Instead, having someone fast playing as an actual number nine stretched the play and gave De Bruyne more room to maraud around in.
Torres did well in an unfamiliar position and the only thing I felt he was lacking was in the hold-up play City would get from Aguero or Jesus – although he did get better at it in the second half.
I’m not sure having him in that position would ever be seen as a long-term answer, but it certainly worked against Marseille.
I actually think Guardiola will mix things up with his attack while he is without Aguero and Jesus in the next few weeks, whether it’s with Sterling in an identical role to the one Torres played here, or as a false nine.
In the past Pep has used De Bruyne further forward on his own, or along with Bernardo Silva, so he has plenty of options.
Sterling, for example, can play anywhere across that front three. Pep regularly plays him on the left so he can cut inside on to his right to finish, or allow space for his full-back to drive wide around him.
He is very good at it, but I enjoying seeing him on the right against Marseille and he had a productive evening.
De Bruyne made 58 passes against Marseille and 47 of them were successful (green arrows) including his two assists (blue arrows)
De Bruyne was also a pleasure to watch, on his first start for City since 3 October.
Without him, they have not been quite as good as usual going forward in recent weeks but, when he is fully fit and playing like this, they have nothing to worry about in attack.
A slick team performance
City’s defence has been seen as suspect for a while now but they were so comfortable for the first hour or so on Tuesday that their centre-back pairing Aymeric Laporte and Ruben Dias could have put their slippers on.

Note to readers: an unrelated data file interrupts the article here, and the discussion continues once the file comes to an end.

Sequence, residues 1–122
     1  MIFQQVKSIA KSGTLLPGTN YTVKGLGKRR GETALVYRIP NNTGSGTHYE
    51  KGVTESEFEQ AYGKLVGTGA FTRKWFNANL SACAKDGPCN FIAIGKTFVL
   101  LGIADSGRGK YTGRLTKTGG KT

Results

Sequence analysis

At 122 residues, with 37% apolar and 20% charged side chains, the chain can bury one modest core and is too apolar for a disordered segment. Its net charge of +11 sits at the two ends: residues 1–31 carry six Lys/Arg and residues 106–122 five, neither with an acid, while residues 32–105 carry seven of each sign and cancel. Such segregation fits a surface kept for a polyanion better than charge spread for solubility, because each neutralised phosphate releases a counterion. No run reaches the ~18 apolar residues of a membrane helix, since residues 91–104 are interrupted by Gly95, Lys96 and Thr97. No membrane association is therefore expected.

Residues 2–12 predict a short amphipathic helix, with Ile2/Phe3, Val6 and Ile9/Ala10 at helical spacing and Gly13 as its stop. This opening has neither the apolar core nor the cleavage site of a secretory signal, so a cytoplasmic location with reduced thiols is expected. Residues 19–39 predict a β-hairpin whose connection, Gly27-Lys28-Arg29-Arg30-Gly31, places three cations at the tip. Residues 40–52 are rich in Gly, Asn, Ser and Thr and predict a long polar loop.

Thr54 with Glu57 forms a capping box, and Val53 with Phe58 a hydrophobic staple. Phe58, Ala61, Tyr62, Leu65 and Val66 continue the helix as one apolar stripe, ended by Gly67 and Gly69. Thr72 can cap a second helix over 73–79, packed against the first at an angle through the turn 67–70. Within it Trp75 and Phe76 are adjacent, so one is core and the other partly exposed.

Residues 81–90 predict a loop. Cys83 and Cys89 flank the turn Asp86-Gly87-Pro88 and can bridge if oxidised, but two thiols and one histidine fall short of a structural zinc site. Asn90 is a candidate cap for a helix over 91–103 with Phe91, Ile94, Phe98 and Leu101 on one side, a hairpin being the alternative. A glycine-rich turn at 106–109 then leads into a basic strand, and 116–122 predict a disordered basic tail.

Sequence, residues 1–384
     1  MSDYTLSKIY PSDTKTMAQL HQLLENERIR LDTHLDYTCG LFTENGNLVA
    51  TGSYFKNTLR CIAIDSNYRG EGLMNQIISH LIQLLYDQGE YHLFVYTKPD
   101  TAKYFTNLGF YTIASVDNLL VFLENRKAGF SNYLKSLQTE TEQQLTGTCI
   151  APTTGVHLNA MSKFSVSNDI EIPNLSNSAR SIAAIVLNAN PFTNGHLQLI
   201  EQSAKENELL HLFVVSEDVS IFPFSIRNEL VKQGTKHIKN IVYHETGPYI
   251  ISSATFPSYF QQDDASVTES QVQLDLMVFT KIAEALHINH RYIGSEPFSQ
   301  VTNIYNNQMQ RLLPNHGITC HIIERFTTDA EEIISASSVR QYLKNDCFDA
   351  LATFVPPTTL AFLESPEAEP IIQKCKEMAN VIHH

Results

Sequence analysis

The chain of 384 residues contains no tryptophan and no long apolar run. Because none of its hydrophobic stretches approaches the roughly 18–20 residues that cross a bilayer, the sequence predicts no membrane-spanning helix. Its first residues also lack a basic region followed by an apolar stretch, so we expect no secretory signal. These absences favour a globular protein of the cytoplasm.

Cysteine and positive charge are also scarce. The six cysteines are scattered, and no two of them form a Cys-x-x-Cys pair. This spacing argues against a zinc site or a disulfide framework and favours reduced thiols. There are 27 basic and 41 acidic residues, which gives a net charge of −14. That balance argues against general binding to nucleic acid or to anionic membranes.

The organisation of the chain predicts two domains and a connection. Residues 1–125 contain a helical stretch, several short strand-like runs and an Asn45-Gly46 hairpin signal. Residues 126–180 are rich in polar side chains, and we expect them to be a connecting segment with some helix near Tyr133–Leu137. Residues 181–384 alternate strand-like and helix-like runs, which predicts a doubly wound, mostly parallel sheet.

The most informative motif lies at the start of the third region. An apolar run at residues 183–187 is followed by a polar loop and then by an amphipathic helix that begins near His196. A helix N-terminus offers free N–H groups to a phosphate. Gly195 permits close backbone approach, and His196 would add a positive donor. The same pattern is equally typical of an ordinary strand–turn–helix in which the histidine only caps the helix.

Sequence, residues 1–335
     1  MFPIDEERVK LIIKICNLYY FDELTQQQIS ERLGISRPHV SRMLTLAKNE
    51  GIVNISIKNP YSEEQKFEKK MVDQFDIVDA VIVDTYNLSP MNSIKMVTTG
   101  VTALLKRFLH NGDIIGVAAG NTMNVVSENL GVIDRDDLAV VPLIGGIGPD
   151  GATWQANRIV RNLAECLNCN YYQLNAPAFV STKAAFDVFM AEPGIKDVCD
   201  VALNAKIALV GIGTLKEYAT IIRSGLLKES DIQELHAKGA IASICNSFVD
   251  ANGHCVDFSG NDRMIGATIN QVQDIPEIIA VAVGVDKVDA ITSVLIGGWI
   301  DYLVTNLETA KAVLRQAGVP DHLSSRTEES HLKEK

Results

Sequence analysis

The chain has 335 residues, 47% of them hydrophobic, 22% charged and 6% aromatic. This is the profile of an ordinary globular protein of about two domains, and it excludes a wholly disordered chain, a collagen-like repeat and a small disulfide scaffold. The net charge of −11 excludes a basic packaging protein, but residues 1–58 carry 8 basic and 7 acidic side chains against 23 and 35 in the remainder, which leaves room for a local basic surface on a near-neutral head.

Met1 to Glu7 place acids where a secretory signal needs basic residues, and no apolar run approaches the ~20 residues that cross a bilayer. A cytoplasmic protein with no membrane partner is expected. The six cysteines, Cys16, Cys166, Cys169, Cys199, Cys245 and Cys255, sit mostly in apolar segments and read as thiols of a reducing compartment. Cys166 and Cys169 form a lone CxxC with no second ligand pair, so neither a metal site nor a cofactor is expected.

It took Marseille until the final half hour to work out how to get past City’s press but, when they did, Laporte and Dias were ready.
Dias made a couple of really important clearing headers when dangerous balls were put into the City area, and it was a really good sign that he did not let his concentration levels drop after such an easy opening to the game.
City are 13th in the Premier League after two wins, two draws and a defeat in their first five games but they are top of their Champions League group after beating Porto 3-1 and Marseille 3-0
Every City player had that kind of focus, though, and there just seemed a really nice balance to the whole team.
Once they realised Marseille were not coming out of their own half, Ilkay Gundogan and Oleksandr Zinchenko were allowed to get forward and join in with the attack.
It turned into a very slick team performance. In total, 760 of City’s 821 passes were successful, which shows just how good they were, collectively as well as individually.
You have to remember that Marseille had lost their previous 10 Champions League games, so this was a game City were expected to win – but they made it look very easy.
Michael Brown was speaking to BBC Sport’s Chris Bevan.